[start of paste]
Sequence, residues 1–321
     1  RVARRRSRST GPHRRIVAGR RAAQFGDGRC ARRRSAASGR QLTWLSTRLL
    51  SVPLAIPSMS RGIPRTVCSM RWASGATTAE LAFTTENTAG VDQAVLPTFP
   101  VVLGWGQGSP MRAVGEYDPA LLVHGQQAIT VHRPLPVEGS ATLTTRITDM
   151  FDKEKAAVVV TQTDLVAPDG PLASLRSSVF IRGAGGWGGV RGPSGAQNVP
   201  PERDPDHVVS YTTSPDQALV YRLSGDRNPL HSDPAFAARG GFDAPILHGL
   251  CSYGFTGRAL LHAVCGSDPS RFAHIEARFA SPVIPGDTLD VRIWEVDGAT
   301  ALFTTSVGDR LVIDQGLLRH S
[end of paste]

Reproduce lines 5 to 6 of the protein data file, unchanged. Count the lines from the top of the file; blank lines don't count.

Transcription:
   151  FDKEKAAVVV TQTDLVAPDG PLASLRSSVF IRGAGGWGGV RGPSGAQNVP
   201  PERDPDHVVS YTTSPDQALV YRLSGDRNPL HSDPAFAARG GFDAPILHGL